All that Perkins singled out for praise—the narrative method, the individual scenes, are of course carried forward intact from Trimalchio to Gatsby and so too is that light dusting upon existence for which Perkins could find no better word than “glamour” and neither can anyone else.
The only completely stationary object in the room was an enormous couch on which two young women were buoyed up as though upon an anchored balloon. They were both in white and their dresses were rippling and fluttering as if they had just been blown back in after a short flight around the house. I must have stood for a few moments listening to the whip and snap of the curtains and the groan of a picture on the wall. There was a boom as Tom Buchanan shut the rear windows and the caught wind died out about the room and the curtains and the rugs and the two young women ballooned slowly to the floor.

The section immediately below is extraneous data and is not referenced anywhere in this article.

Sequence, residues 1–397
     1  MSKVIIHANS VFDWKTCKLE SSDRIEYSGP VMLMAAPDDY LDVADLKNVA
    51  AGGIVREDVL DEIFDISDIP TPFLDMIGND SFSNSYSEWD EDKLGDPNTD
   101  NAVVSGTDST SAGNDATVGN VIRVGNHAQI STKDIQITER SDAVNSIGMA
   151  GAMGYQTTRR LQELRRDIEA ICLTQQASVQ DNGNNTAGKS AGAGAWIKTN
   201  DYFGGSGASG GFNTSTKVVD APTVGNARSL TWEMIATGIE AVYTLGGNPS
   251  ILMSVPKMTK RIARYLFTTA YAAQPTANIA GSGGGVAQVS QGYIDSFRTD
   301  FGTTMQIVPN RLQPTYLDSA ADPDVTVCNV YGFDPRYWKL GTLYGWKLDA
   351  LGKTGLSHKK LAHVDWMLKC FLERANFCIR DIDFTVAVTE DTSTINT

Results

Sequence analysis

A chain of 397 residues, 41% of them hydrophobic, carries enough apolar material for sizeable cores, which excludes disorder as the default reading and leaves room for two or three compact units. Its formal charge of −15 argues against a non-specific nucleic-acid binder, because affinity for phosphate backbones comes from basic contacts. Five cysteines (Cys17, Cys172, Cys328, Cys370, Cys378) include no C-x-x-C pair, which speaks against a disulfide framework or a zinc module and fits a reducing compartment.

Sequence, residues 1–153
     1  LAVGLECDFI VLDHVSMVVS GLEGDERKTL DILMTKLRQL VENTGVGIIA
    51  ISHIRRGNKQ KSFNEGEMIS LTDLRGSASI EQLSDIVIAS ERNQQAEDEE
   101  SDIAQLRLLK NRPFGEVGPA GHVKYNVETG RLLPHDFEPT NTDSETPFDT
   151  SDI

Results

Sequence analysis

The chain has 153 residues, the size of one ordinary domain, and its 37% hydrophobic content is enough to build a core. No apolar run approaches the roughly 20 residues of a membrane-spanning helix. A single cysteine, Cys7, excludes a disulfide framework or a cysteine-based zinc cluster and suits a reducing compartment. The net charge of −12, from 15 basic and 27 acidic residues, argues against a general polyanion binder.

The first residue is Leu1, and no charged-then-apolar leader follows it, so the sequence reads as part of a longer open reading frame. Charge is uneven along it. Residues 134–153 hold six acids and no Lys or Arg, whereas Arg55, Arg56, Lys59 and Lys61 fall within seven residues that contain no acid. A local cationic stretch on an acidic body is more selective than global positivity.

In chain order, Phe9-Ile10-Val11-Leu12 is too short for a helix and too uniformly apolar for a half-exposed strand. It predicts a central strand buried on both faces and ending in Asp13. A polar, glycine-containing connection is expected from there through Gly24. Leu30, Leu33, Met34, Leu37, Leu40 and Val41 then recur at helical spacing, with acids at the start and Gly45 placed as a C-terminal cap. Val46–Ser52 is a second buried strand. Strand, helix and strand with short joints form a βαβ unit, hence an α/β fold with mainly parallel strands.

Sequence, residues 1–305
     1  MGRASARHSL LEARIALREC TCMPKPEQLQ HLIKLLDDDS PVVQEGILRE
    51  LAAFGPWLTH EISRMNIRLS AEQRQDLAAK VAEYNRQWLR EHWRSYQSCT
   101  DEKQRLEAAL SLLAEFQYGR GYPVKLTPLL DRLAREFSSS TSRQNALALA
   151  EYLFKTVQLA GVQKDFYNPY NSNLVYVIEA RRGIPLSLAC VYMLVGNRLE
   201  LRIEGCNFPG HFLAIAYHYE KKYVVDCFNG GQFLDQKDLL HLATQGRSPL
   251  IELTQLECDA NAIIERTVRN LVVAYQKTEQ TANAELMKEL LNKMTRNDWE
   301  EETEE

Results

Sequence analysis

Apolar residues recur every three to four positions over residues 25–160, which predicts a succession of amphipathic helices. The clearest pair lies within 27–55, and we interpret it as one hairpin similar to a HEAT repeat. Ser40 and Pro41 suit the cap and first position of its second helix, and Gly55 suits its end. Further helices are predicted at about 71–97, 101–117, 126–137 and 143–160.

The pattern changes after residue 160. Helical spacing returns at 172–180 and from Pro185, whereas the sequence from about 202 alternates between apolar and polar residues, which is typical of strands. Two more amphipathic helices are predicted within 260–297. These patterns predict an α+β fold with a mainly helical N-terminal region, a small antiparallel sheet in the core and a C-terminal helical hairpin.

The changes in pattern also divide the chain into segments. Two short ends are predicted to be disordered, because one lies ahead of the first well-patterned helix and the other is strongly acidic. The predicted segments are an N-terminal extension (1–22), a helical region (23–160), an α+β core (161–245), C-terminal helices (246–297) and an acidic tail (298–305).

There is no need, surely, to rehearse the plot of “probably the most widely read novel written by an American in the twentieth century.” The opening chapters of Trimalchio and The Great Gatsby are pretty much the same, barring the kind of fussing every writer does with galleys. The chief changes come in Chapters Six and Seven of Trimalchio, and the long, late chapter, as Gatsby and Nick sit by the open French windows in Gatsby’s house, the dawn after Myrtle’s killing, when Gatsby breaks out “exuberantly”: “I’ll tell you everything. The whole story. I’ve never told it to anyone before—not even Daisy. But I haven’t told many lies about it, either, only I’ve shifted things around a good deal to make people wonder.” And shifting things about is what Fitzgerald, his creator—one of his surrogate fathers, like Cody and Wolfsheim—now proceeds to do. Perkins had surely been right: Gatsby’s story comes to us much more persuasively measured out among chapters. And it has effects that could not have been anticipated. It is right, for example, that we should learn, much earlier, that “Jay Gatsby, of West Egg, Long Island, sprang from his Platonic conception of himself. He was a son of God—a phrase which, if it means anything, means just that.”